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Durham team contributes to World Heritage bid

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Our UNESCO Chair team and Archaeological Services colleagues are working on fascinating investigations at a Nepal site widely recognised as the childhood home of the Buddha.

The UNESCO Chair was founded in 2014 and is held by Professor Robin Coningham in our Department of Archaeology. It was formed to help set benchmarks for measuring the social, ethical and economic impacts of cultural heritage. It also provides training to heritage professionals in South Asia and the UK.

Excavation at Tilaurakot
Excavation at Tilaurakot

Over the last decade, the Durham team has worked with the Department of Archaeology (Government of Nepal) and the Lumbini Development Trust to learn more about the site of Tilaurakot in southwest Nepal. Tilaurakot has been identified by many scholars as Kapilavastu, the Buddha’s childhood home. It represents one of the best-preserved ancient cities within South Asia and now the Government of Nepal is preparing it for nomination as a UNESCO World Heritage Site. Evidence that the Durham team helped uncover will support the bid.

Expert mapping, geophysical survey, and excavation has shown the city to be extremely well planned, with a grid iron layout of streets leading to gateways through large ramparts and a wide moat. The streets are lined with brick structures, including shops and shrines, as well as a monumental administrative complex at the heart of the city. Surrounding the walled site are the remains of suburbs, industrial areas and religious establishments, including an extensive Buddhist monastic complex. A programme of scientific dating has placed the site’s origins back to the eighth century BCE, with occupation dated through to the eleventh century CE.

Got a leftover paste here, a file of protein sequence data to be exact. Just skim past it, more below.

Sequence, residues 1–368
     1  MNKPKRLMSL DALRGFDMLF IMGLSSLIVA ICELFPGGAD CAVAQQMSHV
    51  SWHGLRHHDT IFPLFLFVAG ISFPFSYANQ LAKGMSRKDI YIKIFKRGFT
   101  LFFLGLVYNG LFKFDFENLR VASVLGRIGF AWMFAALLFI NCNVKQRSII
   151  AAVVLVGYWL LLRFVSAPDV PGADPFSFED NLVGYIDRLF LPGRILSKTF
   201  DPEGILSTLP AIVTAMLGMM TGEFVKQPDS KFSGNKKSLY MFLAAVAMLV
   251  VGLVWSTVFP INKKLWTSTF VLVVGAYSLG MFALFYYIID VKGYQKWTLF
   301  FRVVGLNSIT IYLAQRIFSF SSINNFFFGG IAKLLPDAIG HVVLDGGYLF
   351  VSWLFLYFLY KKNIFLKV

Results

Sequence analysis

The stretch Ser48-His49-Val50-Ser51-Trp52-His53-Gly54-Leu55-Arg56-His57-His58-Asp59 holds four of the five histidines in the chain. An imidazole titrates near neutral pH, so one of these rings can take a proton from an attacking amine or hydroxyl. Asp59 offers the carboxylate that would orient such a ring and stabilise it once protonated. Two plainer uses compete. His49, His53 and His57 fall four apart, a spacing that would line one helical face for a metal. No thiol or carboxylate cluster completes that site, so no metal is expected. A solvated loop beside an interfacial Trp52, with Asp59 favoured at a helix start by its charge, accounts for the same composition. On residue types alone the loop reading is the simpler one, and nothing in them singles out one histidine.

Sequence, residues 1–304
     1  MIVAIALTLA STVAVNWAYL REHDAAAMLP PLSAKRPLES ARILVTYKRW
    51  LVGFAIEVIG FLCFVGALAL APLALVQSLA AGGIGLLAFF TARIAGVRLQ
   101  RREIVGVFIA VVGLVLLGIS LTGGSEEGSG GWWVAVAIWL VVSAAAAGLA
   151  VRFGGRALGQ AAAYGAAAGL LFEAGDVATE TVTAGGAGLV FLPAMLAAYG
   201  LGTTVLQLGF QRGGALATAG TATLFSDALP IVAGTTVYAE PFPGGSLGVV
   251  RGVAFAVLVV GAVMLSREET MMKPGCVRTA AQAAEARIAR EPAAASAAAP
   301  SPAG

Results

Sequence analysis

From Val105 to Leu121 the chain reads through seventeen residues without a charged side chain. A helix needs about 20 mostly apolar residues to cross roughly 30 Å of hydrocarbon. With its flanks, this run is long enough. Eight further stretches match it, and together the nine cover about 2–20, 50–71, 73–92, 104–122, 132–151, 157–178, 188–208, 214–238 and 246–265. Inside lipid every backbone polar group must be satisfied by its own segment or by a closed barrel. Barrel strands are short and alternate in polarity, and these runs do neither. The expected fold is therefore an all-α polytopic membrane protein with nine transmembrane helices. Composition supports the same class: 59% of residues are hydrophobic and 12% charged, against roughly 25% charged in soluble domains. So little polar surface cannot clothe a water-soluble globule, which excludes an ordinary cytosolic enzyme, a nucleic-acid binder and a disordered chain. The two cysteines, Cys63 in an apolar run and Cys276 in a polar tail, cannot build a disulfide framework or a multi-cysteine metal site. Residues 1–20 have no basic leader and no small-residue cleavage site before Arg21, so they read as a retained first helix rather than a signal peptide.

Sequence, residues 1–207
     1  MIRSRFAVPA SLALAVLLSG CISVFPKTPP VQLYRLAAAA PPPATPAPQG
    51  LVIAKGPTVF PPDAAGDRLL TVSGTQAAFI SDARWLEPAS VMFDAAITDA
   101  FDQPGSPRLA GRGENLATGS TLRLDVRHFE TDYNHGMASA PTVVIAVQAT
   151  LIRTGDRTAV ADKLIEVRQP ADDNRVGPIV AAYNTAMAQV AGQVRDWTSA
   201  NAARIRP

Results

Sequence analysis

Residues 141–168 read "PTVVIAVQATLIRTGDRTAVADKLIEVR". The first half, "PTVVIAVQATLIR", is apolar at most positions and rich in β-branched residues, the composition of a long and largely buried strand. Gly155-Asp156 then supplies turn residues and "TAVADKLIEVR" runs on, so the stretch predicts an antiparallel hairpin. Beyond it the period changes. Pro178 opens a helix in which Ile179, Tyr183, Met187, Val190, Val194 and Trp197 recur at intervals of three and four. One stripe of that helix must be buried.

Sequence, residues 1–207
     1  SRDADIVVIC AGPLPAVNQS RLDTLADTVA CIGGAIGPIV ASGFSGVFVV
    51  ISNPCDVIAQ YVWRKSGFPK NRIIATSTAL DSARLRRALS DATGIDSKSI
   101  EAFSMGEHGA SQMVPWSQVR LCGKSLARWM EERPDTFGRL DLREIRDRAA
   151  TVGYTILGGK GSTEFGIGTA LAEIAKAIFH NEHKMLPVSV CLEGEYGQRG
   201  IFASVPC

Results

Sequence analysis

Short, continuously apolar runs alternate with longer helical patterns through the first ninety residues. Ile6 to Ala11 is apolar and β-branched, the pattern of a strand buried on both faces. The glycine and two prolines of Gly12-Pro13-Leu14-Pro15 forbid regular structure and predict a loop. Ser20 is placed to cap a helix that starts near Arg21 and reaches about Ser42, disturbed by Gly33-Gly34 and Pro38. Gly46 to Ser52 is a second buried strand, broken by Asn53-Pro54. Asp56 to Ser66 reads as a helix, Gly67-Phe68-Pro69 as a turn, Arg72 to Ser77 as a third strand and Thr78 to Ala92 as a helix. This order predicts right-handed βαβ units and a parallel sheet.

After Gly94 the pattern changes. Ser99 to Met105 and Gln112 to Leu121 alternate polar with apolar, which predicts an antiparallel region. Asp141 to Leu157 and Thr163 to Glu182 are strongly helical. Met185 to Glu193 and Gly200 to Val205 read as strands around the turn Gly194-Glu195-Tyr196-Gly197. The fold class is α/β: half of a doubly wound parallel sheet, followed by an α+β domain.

A workshop held in early March 2020, led by Durham’s UNESCO Chair and partners in Nepal, brought together experts from across Western and Southern Asia to undertake a comparative study of Tilaurakot with similar regional sites. A key part of the UNESCO’s World Heritage Nomination process, the comparative workshop delegates confirmed that Tilaurakot’s antiquity, longevity and features make it one of the best-preserved examples of an ancient city in South Asia. They also noted that further work was required to strengthen the bid for UNESCO World Heritage Status, including understanding of the city moats and the monastic complex.

Following this guidance, the Durham team is currently working at Tilaurakot, excavating the silted moat and the monastic complex, among other work. At the end of March 2023, a UNESCO International Scientific Committee Meeting took place to discuss the findings.

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